Never mind the evildoers’ anniversary just commemorated on September 11. I have a personal, happy anniversary to commemorate on September 12. No, it’s not my wedding anniversary.
Exactly thirty years ago, on September 12, 1978, I met Ayn Rand for the first and only time.
I was about to start college at New York University as a seventeen-year-old freshman. My mother and I had to go to New York to do paperwork or pay tuition or something. But I had seen in my father’s copy of The Village Voice, which he rarely picked up, an advertisement that said “Ayn Rand in person!” in big black letters.
Only five years earlier, my brother had shown me the fresh copy of The Fountainhead he had purchased when it was a book he chose from a high school elective reading list. (Thank you, Mr. Lamdanski). He said, “Read the Introduction.” I was only 12. Still, I liked the Introduction. But I was not about to read such a long book.
When I was 13 and 14, I started looking for Ayn Rand books in the library. I mainly just wanted to know what her philosophy was, in her words rather than my brother’s, without having to read over 700 pages of fiction to get to it. I would get to the fiction later.
I read a library copy of For The New Intellectual. (Thank you, Asbury Park Public Library). This was the “Eureka!” moment. I knew she was saying the truth, and that I had observed much of it myself. I knew she was my kind of person.
So on September 12, 1978, I talked my mother into letting me see Ayn Rand. Ayn Rand was to assist Leonard Peikoff in a Q & A after his first lecture (of a series) on the philosophy of Objectivism. Visitors were permitted at the first lecture even if not planning to attend the rest of the lectures.
My mother did not intend to pay for a ticket for herself, so she waited outside the doors and I entered. I listened to Leonard Peikoff as he spoke, and watched him cover the bright light bulb over his notes (and under his face) when people complained that it was distracting. I paid close attention as it was my first time hearing such a systematic presentation of the philosophy.
When it was time for Q & A, Ayn Rand and Frank O’Connor entered from the rear doors and walked down the aisle to a standing ovation. I knew they had just walked past my mother, who had remained outside the room, listening.
Leonard and Ayn took turns answering questions, including my own, which people had handed in from the audience. Ayn Rand herself answered all of my questions, which was thrilling and I tried to take accurate notes to review later when I could think more clearly.
When Leonard answered, Ayn would sit and scan the audience with her enormous eyes. It was as if she wished to look into the deepest souls of each one of us, in a benevolent way. I saw her doing this as a sign of her wanting to know who her fans were, since they were her kind of people. She wanted to see and know the people who loved and understood her work. It gave her pleasure. This is, of course, just conjecture on my part.
No photography was permitted. But someone in the front row took photo after photo of Ayn Rand. She asked him (or her?) for the 35mm camera. She opened the back of it, and dramatically unrolled the entire roll of film, exposing it to the bright light in the room. She held onto the camera, saying he could have it after the event was over.
When it was over, I took my partially-read copy of Atlas Shrugged and stood on line to obtain Ayn Rand’s autograph. She asked me my name and how to spell it. Then she showed me the page where she had written, “To Greg Zeigerson.” I nervously said, “You didn’t sign it.” She said, “I know, but did I spell your name correctly?” I said yes. (I wanted to slap myself). She signed her name, exactly as her signature appeared on “The Ayn Rand Letter” to which I had subscribed.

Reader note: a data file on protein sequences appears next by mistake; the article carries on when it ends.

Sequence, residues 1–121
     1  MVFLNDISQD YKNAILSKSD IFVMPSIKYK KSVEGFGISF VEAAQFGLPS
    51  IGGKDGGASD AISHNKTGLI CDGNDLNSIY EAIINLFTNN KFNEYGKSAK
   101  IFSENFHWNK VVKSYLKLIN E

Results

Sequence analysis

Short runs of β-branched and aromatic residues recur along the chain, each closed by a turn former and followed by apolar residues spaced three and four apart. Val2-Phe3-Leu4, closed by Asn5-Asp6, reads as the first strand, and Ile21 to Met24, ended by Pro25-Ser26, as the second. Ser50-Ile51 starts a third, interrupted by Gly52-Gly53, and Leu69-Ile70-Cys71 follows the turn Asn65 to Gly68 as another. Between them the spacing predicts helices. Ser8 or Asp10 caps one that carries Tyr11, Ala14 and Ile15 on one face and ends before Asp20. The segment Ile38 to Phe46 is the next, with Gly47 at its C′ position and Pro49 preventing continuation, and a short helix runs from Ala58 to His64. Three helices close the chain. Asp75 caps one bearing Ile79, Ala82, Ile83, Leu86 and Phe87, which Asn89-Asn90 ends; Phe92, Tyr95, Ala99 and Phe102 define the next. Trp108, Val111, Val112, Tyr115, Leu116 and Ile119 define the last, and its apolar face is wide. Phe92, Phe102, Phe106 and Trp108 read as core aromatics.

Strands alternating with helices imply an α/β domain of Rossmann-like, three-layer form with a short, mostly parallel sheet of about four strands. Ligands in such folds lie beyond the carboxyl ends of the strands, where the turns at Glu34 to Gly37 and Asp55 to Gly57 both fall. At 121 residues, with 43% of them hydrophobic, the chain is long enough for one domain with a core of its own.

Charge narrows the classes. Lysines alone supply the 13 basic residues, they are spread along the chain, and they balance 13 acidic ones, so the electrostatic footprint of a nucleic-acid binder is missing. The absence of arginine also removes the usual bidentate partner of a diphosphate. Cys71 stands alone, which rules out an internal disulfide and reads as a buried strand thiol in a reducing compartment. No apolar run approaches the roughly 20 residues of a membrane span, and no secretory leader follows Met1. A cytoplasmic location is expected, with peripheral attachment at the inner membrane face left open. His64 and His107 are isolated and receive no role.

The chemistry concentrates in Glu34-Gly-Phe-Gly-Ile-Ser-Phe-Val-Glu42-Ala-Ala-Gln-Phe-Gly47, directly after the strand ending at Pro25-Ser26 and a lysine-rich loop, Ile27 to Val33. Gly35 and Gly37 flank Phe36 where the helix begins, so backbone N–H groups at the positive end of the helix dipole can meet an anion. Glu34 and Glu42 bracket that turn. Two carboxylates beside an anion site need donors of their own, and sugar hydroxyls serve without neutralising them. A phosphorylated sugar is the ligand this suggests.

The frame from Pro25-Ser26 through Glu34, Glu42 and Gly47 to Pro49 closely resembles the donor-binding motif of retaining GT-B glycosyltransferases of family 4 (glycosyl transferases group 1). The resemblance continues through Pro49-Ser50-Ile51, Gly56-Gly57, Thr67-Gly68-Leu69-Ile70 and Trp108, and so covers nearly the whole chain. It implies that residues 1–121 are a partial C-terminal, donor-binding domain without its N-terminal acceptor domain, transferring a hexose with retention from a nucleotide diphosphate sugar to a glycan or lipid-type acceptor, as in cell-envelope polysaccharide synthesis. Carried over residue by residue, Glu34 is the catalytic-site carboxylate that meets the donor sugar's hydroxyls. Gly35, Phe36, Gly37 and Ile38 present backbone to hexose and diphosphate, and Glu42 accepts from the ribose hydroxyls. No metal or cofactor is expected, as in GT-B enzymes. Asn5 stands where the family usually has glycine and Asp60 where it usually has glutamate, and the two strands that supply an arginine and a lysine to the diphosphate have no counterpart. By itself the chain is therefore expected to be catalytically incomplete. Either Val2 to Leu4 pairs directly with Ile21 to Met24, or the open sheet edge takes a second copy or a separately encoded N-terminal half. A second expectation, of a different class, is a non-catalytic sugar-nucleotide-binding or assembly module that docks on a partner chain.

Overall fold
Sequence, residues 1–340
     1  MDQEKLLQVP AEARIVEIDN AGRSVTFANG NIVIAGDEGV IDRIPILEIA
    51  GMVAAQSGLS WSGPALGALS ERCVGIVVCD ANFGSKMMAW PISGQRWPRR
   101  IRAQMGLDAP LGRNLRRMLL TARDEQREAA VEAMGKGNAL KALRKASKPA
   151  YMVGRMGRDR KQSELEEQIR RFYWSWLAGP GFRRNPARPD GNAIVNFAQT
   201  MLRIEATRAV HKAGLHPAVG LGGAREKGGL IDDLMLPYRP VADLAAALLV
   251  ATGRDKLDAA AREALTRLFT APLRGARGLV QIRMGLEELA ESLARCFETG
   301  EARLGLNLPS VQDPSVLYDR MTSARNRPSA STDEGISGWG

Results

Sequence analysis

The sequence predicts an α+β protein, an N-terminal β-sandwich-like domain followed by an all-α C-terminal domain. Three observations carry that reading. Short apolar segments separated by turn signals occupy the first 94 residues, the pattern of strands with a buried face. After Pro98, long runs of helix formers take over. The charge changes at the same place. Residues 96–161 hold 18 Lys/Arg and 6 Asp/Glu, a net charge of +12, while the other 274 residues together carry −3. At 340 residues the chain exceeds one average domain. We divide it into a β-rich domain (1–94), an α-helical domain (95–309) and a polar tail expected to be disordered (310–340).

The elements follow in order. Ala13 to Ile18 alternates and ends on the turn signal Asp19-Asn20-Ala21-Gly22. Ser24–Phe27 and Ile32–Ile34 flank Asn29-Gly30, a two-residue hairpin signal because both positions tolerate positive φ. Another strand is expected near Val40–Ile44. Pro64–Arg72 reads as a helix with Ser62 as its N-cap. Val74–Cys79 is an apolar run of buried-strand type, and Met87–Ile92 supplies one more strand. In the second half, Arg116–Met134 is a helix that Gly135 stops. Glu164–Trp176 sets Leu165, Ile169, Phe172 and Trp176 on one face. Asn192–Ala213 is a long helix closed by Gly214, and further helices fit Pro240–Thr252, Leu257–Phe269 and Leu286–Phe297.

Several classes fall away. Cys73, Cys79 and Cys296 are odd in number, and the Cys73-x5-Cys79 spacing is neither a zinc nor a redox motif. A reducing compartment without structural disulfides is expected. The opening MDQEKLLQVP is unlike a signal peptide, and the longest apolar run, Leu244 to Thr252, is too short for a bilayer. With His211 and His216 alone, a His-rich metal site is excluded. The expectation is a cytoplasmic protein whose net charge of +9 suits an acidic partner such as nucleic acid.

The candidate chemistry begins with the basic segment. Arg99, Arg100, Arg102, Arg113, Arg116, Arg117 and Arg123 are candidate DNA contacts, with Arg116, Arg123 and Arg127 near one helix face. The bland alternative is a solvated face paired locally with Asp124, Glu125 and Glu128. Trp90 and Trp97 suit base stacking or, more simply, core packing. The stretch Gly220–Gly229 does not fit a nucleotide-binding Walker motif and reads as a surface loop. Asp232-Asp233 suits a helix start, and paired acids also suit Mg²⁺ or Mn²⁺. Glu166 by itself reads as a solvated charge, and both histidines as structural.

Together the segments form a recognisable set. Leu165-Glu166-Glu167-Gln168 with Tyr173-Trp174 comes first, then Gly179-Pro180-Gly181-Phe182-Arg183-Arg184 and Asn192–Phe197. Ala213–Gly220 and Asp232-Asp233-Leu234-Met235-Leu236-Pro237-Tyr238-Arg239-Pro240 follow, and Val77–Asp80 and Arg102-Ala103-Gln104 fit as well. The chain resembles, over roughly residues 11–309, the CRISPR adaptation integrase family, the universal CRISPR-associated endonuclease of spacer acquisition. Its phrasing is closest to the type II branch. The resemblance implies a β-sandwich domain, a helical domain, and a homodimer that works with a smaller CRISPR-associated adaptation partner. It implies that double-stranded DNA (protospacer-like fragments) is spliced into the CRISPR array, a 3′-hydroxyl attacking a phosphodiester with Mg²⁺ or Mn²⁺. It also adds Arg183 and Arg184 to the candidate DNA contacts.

I asked, “Are you happy with the movie version of The Fountainhead?” She said, “I wrote the screenplay, you know.” I said, “Yes, but are you satisfied with the final version?” She said, “They did the best they could.” Earlier she had announced that she was writing the teleplay of an Atlas Shrugged miniseries. I was a teenager about to start film school at NYU. I said to her, “I wanted to direct the movie of Atlas Shrugged!” (with the obvious meaning, I would be too late since the miniseries was already going to be made). She said, “Maybe you will. The remake.” This unexpectedly positive response was a moment I treasured. I nodded with seriousness, imagining with great hope that it actually was possible. She said, “You’ll get the rights from my children.” I pondered this, since I was unaware of any children, but I probably nodded again. She said, with humor, “But I have no children!”
I suspect she was thinking at that time about who would inherit the rights; perhaps it had not been settled yet. And her words may have just reflected that the topic was on her mind. This is pure conjecture, again.
Another fan told her he knew of a version of “Night of January 16th” being produced without her permission, with many changes in the plot and dialogue. She told him to call the producers the most obscene names he could think of, and “Tell them I said it.”
My mother met me outside the doors. I saw Leonard Peikoff there and asked if I could take his picture. He said, “You want my picture? Sure.” He seemed to think no one would want his picture. I still have that Polaroid photo.
(My mother decided that since Ayn Rand spoke against Ronald Reagan for opposing the right to an abortion, that Ayn Rand must be in favor of “free love.” It didn’t help that the cover of my copy of “We The Living” had a picture of two men and a woman, implying a love triangle, but which she interpreted as a “threesome” — “like in Cabaret, said my mother).
I will never forget meeting Ayn Rand, exactly thirty years ago tonight.